In my last blog post, Real Estate and the First Time Buyer,” I provided an assessment of how the housing market arrived at its present state and explored possible outcomes in the market in the coming two years.  It was written for the benefit of the first-time buyer.   This post builds upon that analysis and explores options for the high equity owner thinking of selling.

There are many reasons to consider selling in the current market.   For example, one’s financial portfolio may be disproportionately allocated to real estate due to the rise in prices.   Or one might be at the limit of the real estate capital gain tax exclusion ($250,000 single or $500,00 couple).   Selling now would restart the two-year exemption timeline on the next house and save significant taxation.  Maybe there were already plans to downsize or retire or move to another job or make a vacation home or rental property into a permanent residence.

There are too many scenarios to assess in this limited space.   The context of people’s lives and regional housing market conditions vary considerably.  So, the remainder of this post will explore a single case study that can provide broad insight in many scenarios. 

Tuesday, April 12, 2022

Real Estate and the First Time Buyer

Home ownership is the key to wealth development in the United States.   Record high home prices are distorting the real estate market such that many first-time buyers are unable to buy a home.  A national average housing price correction of 10-20% may be in the offing, but inflation and rising interest rates will more than offset the benefit of lower prices to make housing more unaffordable.   Potential first time buyers will need to be sophisticated, agile, and disciplined to position themselves for opportunities that may arise in what will likely be a volatile market in the next few years.

Home prices are high by nearly all measures, but there is wide regional variation.  The CoreLogic Home Price Index (HPI) posted the highest year-over-year growth in its 44-year history by the end of 2021. CoreLogic last week reported 65 percent of regional U.S. housing markets are overvalued based on earnings to price ratios.   Zillow reported in February, 2022 that 481 cities nationwide have a typical home value of at least $1 million and 49 more may join the list this year.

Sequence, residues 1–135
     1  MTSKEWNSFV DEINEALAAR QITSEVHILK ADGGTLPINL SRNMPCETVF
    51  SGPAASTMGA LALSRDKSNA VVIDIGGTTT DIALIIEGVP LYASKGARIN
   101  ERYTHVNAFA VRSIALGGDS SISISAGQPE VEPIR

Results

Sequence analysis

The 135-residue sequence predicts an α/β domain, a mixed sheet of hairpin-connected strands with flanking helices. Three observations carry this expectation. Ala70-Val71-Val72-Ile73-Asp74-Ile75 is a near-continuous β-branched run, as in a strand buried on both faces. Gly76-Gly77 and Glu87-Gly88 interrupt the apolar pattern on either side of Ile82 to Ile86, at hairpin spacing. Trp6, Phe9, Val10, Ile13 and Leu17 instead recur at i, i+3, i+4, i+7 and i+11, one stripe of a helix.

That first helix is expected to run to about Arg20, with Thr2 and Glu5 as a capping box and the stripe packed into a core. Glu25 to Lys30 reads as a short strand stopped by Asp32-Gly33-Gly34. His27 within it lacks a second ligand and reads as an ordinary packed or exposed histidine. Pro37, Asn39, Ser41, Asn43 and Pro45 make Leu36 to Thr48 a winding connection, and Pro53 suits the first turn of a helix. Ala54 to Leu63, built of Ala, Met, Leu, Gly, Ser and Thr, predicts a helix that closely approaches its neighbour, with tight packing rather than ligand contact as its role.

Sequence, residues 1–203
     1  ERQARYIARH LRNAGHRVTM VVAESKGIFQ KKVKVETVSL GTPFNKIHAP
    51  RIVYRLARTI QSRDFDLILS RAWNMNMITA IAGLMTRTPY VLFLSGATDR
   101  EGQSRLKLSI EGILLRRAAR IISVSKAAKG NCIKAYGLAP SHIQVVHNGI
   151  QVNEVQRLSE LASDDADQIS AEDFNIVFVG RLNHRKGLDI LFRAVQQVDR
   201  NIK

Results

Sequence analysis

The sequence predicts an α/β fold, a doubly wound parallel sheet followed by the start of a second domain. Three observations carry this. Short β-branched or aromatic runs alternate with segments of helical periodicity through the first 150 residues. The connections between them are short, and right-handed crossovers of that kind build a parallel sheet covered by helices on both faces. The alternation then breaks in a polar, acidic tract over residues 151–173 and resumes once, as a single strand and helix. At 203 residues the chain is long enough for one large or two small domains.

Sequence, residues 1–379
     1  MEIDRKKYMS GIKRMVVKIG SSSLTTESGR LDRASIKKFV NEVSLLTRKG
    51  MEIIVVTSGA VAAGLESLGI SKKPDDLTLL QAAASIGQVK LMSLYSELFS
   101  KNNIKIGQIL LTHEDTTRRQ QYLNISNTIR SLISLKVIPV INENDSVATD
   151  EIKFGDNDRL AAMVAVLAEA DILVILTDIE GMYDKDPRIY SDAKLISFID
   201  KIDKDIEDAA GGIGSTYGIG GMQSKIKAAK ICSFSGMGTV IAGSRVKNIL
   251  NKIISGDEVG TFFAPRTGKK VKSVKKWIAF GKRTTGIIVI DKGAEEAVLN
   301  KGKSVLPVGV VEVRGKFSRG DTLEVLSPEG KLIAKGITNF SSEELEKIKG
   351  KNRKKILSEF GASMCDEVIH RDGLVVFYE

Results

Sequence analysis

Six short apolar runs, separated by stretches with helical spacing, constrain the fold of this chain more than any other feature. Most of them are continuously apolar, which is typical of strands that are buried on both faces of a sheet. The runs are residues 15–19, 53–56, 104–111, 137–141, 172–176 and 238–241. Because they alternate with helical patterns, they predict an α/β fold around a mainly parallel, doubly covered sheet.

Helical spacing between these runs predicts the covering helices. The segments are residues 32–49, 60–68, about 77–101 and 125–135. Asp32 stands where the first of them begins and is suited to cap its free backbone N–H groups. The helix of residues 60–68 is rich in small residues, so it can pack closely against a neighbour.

How Did We Get Here?

Monday, March 21, 2022

Russia's Illegal War Upon Ukraine

 Author Note: I have been on hiatus for several months due to travel and simply being too busy in retirement with other priorities. I still intend to blog but not as frequently.  The war in Ukraine, filled with unspeakable horror and sorrow weighs on many people as they confront video of the suffering of the Ukrainian people.  Some folks have asked for my opinion on the war and its implications. I offer my thoughts here for your consideration.

A settlement of the Russia-Ukraine War will likely be agreed in the coming weeks as Russia’s military objectives move further from reach and Western solidarity and support of Ukraine intensify.  In this fourth week of battle the outcome is coming into focus.   Russian President Vladimir Putin’s original plan to quickly take control of the Ukrainian capital at Kyiv, install a puppet government, and establish a compliant Belarus-type satellite state failed.  It appears Russia is now preparing the groundwork for a best possible negotiated outcome, though Putin will likely continue to take escalatory steps to weaken Ukrainian will and intimidate its Western supporters until a final settlement is reached.

Monday, May 31, 2021

Memorial Day – what happened to the parades and walks in cemeteries?

 I vividly recall from my childhood the prominence of Memorial Day among the pantheon of holidays.  It was one of the two big civic holidays.  The other being the Fourth of July.  At a young age I could sense the difference between the two – one celebratory and one solemn.  Memorial Day is larger in my memory.  The holiday was specifically to remember the dead of war, but the event was broader in that it was also an opportunity to visit and reflect more generally on relatives and friends who had passed.  It also related to the continuation of a tradition that emerged in the mid-1800s that made cemeteries places for peaceful meditation with nature’s beauty and communing with one’s family and friends – both living and dead.  As can be said of many traditions – times have changed.

After the Civil War ended many communities began to hold spring memorial gatherings to remember the war dead.  In 1868, a Northern veteran organization, the Grand Army of the Republic, formalized and spread the growing tradition by calling for “Decoration Day” to be a national day of remembrance. Each spring communities would gather for the purpose of “strewing with flowers, or otherwise decorating the graves of comrades who died in defense of their country during the late rebellion.”